Consumer marketing using time and effort

Written by admin on April 11th, 2011

E-newsletter, social media, affiliate, search engine marketing. All can be utilized by an expert marketer. But how do you implement marketing campaigns effectively? Sparxoo’s team spoke with an expert marketer and co-author of Stopwatch Marketing to learn how time and effort factor into consumer buying behaviors and how marketers can maximize sales and brand awareness.

We recently had a chance to speak with AnnaMaria Turano, a senior marketer and partner at MCAworks, more about how time and effort affects consumers purchasing decisions. AnnaMaria is the co-author of Stopwatch Marketing and adjunct professor of marketing at NYU’s Stern School of Business.

What’s the book about?

Stopwatch Marketing focuses on the amount of time and effort that consumers go through to purchase products. Each shopping decision factors in the amount of time consumers want to spend shopping, the people they shop for, and the risk present in the purchase.

Should marketers focus more on the time or effort factor?

The generic view of consumers states that everyone is price sensitive and requires a quick and convenient purchasing process. This is not always the case. The situation and consumer behavior are major factors in determining timing and effort. Consumers change demands based on what items they’re buying, the people they’re buying for, and the times they need to start and stop shopping. The time and energy and the trouble they want to put in is just as important as how much money they want to spend.

One way to visualize this consumption is through the Stopwatch Matrix:

The matrix is plotted on the axes of how much time/energy a consumer will spend, and the net margin of that purchase. The four segments are divided by different types of consumer:

Impatient – These consumers have fast ticking stopwatches – they need a quick decision. While their needs are urgent, they certainly do not enjoy the shopping process.
Painstaking – These consumers have a slower ticking stopwatch – they make few purchases and are concerned about choosing the wrong decision. This is the hardest set of consumers to crack. So how did Tempur-Pedic, a retailer of expensive mattresses, pull it off? They built up to a purchasing decision through education, testimonials, and a 90 day satisfaction guarantee. They also sold sleeping aids, because they sold a good night of sleep, in addition to their mattresses.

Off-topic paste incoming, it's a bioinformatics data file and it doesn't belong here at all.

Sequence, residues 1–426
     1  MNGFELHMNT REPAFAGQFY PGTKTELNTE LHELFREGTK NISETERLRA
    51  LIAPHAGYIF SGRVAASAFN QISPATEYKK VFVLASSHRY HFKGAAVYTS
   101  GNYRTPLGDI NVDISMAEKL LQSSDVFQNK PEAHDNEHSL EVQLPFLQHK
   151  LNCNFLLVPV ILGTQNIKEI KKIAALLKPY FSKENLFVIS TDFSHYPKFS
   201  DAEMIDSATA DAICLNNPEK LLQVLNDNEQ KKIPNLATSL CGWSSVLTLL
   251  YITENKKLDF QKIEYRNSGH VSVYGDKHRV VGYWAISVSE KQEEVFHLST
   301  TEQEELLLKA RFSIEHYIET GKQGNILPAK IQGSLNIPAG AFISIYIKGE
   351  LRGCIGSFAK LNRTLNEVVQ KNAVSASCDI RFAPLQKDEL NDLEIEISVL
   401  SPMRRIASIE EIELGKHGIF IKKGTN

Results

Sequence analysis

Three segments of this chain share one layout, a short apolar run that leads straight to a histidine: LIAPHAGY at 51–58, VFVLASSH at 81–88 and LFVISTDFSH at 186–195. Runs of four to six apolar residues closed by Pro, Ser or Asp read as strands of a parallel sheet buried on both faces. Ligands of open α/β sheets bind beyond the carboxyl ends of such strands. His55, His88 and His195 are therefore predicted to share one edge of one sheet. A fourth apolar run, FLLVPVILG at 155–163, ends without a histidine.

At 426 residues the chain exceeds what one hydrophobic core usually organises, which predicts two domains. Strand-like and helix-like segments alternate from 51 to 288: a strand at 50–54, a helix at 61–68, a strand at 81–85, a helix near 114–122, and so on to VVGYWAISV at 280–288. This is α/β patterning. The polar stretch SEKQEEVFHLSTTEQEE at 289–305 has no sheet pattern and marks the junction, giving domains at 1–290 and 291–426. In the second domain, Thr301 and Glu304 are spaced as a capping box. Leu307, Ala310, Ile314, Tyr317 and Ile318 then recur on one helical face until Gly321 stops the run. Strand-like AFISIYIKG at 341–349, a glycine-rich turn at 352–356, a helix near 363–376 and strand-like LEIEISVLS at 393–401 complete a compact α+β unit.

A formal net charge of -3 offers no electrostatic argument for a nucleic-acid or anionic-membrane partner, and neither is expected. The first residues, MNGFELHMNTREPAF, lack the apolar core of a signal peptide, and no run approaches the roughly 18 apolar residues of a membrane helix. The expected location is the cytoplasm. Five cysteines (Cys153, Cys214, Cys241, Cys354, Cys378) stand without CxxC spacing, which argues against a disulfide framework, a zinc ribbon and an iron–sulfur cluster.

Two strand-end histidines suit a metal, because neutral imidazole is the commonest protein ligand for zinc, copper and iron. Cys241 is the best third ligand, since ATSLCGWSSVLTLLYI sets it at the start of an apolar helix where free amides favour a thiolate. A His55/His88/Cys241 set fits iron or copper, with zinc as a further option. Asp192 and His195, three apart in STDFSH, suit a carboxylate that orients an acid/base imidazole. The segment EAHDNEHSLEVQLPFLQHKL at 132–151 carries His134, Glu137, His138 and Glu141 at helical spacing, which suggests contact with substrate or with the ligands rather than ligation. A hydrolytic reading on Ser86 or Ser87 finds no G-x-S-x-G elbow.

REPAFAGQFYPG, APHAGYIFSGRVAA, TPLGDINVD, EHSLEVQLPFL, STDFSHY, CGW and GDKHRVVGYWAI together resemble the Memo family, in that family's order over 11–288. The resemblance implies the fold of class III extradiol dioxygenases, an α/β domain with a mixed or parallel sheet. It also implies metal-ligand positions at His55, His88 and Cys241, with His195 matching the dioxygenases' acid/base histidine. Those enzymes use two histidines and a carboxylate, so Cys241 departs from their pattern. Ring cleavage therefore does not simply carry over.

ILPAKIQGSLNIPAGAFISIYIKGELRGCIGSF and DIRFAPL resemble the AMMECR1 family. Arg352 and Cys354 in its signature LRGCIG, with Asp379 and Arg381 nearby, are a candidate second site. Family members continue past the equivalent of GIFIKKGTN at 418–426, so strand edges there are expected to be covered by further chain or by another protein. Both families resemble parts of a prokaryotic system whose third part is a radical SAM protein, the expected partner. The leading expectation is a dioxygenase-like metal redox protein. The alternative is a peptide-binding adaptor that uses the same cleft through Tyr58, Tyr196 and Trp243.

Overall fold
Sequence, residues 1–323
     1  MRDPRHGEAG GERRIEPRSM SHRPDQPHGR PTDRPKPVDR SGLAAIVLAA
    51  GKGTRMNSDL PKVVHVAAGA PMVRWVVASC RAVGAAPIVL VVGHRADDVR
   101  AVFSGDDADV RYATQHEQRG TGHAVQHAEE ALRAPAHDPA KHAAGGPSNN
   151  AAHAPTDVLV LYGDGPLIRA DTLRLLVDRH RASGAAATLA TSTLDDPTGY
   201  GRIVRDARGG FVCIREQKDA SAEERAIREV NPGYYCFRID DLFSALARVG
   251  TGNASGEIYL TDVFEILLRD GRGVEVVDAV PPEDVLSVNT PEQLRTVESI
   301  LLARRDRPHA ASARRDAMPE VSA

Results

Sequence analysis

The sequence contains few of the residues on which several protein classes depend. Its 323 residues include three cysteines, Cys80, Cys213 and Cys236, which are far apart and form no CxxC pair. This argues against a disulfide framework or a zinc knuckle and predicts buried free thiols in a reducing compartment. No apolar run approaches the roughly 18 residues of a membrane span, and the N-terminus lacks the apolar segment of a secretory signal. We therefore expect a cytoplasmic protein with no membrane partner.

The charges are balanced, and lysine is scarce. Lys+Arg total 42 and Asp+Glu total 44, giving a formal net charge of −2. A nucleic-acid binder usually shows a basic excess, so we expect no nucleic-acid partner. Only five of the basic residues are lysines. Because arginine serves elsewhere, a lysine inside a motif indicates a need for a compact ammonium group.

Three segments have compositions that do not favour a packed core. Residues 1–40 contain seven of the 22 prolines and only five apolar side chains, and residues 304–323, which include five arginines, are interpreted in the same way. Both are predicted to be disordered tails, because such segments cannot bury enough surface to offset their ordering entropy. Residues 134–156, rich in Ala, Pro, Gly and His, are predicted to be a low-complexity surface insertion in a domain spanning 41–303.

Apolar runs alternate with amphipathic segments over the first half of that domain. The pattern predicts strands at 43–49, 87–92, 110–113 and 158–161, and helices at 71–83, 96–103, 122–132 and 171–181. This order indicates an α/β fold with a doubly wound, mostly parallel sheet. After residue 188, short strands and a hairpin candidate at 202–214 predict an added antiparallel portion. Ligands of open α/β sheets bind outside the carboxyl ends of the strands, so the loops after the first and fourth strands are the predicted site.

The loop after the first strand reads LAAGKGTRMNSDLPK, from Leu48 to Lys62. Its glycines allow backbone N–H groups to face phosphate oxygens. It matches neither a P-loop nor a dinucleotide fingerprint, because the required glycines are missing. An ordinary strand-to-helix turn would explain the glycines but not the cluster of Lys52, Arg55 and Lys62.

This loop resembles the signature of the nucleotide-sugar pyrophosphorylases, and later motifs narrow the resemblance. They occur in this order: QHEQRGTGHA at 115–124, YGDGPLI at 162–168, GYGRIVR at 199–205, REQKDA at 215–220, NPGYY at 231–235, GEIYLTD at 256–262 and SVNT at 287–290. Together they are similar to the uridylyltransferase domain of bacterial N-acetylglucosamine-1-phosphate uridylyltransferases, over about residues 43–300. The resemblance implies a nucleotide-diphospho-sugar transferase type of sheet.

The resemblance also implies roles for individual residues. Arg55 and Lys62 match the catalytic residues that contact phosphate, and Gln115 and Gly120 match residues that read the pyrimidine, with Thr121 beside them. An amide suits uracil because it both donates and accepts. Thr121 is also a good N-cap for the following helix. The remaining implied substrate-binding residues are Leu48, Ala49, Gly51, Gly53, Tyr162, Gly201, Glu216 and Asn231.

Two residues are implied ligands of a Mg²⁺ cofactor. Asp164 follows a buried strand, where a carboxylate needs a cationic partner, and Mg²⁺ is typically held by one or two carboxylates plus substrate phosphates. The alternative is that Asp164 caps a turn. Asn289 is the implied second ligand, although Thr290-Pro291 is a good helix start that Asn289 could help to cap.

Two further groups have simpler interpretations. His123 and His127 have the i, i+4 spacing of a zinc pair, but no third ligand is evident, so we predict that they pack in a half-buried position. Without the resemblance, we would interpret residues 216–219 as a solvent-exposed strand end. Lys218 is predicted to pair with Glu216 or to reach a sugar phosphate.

Reluctant – These consumers simply don’t shop often, due to low personal needs. Marketers should challenge that viewpoint. TD Bank recognized that the majority of consumers stick to their bank, regardless of quality, since it’s simply too big of a hassle to move their account around. TD ran advertisements on commuting routes displaying themselves as a convenient bank opened 7 days a week and at times when other banks were closed. When consumers experienced a new trigger in their lives (e.g. moving in to a new area, making them vulnerable to change), they followed through on making the switch to TD.
Recreational – These consumers actually enjoy act of shopping. By looking for reviews, communicating with others about the product, and spending a long time shopping, they take their time. This is perhaps the most approachable group of consumers.

How have these ideas been applied to other companies?

When impatient shoppers show up at a tire dealer, they usually have no idea where to start. The prices are the only obvious differences and the shoppers are aware the dealer isn’t likely to recommend the best value. That’s where Goodyear Tires came in. AnnaMaria worked with the new products team to create TripleTred tires. With clearly labeled treads capable of handling dry, wet, and snow-covered roads, Goodyear could outshine the competition. The tires essentially “sold themselves” to customers in need of replacement tires.

What are 3 points from the book that people can take and say “I could do something with it today”?

Discover the buying behavior of your consumers – not just perceptions and behaviors in product usage.
Map out the touchpoints that help consumers shop according to how much time and energy they want to “spend.”
Reallocate your budget to align with those touchpoints which provide maximum value to your customers – and yourself!

Thank you to AnnaMaria for collaborating with Sparxoo.

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